“Applications can also be enhanced for mobile access on the server end, without building a mobile development capability within your organization or hiring expensive outside help,” explained TechRepublic contributor Patrick Gray. “You could use your existing ERP developers to create a dozen screens and reports that have a limited number of fields, and space them more appropriately for mobile use, without writing a single line of mobile code.”

In practical terms, VDI can give sales teams access to full desktops so that they can make use of important tools such as CRM and PowerPoint while on the road. Even if the organization has a BYOD initiative in place, VDI simplifies common BYOD issues such as hardware management and security enforcement – each device communicates securely with the VDI servers via an encrypted session.

VDI and the growing uses of desktop virtualization
Moreover, VDI fits into many organizations’ growing interest in virtualization. Forrester Research’s David Johnson told InfoWorld that more than half of IT decision-makers cite desktop virtualization as a top priority for 2014. Although the market for PCs may be stagnant right now, there is still enough demand for virtual desktops that many companies have turned to VDI to deliver secure computing environments and access to applications on any device.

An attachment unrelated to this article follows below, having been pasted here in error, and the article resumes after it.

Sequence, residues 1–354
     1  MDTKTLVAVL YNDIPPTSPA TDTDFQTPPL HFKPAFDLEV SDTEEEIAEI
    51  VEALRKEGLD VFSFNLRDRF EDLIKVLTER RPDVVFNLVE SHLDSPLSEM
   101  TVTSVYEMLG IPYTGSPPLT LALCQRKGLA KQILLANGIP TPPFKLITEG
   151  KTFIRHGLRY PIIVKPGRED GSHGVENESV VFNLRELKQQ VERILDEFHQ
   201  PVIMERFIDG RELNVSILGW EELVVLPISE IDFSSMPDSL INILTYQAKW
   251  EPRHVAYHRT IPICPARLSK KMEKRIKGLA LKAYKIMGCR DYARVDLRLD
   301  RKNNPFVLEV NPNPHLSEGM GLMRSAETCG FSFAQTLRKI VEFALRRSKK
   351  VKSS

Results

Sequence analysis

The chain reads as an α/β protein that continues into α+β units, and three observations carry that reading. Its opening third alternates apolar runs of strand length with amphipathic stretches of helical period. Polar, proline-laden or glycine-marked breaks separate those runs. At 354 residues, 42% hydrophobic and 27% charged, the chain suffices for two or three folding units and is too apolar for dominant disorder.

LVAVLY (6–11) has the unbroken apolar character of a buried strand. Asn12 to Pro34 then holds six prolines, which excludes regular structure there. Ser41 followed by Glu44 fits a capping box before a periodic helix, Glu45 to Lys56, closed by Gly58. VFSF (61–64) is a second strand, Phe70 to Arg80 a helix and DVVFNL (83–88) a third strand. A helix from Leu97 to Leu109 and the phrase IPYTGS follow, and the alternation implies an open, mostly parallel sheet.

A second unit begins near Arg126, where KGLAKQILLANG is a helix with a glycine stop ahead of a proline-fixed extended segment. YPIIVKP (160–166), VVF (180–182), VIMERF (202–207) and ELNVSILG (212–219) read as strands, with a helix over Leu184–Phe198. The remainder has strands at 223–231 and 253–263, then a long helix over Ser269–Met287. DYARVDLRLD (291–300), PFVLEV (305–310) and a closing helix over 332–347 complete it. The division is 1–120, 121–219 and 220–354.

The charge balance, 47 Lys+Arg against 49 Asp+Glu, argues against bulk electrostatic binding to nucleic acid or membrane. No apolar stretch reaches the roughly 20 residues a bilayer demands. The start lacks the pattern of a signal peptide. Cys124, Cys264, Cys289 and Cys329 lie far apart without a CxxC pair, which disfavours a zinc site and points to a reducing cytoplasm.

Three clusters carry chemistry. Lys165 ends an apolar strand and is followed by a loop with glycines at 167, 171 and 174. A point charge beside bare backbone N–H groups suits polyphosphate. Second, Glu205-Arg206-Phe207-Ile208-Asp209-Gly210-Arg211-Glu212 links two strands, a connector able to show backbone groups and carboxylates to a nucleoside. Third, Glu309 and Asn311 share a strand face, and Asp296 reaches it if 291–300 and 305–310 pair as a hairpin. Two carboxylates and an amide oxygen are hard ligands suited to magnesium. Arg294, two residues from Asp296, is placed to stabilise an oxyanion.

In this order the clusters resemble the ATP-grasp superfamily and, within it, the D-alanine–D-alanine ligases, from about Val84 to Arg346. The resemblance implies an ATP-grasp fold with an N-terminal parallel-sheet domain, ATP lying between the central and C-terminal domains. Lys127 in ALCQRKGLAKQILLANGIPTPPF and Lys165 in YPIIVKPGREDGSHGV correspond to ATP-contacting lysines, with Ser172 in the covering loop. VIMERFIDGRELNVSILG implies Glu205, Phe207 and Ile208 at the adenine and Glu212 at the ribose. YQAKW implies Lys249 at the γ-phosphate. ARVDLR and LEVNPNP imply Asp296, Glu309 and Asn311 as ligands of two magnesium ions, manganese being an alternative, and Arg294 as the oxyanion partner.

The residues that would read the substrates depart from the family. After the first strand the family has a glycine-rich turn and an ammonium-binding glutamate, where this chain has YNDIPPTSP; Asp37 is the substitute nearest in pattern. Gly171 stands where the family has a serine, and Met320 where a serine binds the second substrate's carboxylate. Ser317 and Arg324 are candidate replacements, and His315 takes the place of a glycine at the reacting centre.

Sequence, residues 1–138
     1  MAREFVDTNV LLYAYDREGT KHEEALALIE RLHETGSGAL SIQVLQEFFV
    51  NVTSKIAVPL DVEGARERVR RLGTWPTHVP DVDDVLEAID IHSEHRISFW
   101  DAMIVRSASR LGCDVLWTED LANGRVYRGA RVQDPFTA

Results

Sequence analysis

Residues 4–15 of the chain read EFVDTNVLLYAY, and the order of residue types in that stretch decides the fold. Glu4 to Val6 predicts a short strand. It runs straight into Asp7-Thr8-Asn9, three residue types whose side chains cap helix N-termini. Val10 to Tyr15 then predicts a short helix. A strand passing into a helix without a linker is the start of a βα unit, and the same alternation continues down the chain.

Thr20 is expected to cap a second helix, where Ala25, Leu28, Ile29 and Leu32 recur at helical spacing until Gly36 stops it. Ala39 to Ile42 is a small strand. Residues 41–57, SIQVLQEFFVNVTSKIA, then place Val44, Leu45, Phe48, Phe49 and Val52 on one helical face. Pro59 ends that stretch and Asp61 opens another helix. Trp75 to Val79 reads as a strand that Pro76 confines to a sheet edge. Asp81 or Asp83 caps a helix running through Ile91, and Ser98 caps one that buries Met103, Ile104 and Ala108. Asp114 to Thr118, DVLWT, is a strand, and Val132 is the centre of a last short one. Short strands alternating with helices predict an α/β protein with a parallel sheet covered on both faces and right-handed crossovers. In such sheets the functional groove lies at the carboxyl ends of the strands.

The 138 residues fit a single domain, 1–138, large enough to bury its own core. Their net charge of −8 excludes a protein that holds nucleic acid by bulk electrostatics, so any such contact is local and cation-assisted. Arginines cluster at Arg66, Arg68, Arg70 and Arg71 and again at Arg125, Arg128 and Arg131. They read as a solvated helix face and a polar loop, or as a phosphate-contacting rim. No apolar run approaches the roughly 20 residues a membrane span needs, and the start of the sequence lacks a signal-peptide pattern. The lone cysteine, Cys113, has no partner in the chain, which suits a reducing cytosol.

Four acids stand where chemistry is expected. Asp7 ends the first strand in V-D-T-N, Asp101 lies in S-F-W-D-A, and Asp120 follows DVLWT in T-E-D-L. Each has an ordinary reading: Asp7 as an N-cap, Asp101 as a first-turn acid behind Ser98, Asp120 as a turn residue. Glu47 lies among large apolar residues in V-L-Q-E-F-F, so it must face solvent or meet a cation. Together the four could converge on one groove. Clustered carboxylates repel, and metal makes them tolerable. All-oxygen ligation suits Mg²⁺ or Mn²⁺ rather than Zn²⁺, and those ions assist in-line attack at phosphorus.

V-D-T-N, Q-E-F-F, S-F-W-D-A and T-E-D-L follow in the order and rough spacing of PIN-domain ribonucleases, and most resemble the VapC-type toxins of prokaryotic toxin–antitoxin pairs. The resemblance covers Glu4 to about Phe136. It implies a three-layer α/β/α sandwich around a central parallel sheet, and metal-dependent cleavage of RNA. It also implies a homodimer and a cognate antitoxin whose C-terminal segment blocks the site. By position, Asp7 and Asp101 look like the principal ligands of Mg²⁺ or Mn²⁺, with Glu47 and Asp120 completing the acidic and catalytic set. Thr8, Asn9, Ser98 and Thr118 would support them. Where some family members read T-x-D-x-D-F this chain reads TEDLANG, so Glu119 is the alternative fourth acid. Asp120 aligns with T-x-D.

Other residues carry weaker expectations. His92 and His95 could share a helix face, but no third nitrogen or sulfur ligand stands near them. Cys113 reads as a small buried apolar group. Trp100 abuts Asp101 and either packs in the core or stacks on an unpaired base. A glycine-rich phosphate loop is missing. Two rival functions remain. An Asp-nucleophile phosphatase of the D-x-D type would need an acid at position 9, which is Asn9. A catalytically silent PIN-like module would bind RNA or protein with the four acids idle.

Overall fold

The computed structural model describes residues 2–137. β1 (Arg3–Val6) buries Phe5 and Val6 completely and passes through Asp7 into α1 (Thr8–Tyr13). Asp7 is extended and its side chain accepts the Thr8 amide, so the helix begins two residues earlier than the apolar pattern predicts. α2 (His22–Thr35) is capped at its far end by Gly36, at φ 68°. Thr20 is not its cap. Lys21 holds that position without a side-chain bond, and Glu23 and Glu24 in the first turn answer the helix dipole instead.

Certainly, there can be technical and financial challenges in implementing effective VDI, but these obstacles can be overcome with the expertise of an IT solutions and managed services provider. Organizations can also optimize VDI through the use of thin-client software to connect to VDI systems. Eventually, VDI implementations can pay for themselves by making workers more capable, regardless of where they are, while also streamlining mobile device management.

Who really cares about BYOD?

The bring-your-own-device movement is well on its way to fundamentally reshaping enterprise communications. So why do so few organizations seem to care about device management? A fairly wide gap formed almost immediately between BYOD user excitement and enterprise policy engagement, and it's only going to expand.

Entrenched employee attitudes absolving them of responsibility create problems for IT, and many organizations let worker preferences overwhelm clear-cut business priorities. The central problem with BYOD is a company's capacity to show that its cares – not only about the ways that BYOD can be hazardous, but about creating strategies that cater to worker preferences while keeping security at the forefront.

BYOD is clearly important to employees. One recent LANDESK survey found that the average European worker spends more on BYOD every year than he or she does on tea of coffee. They care about having the devices, but not protecting the data stored on them.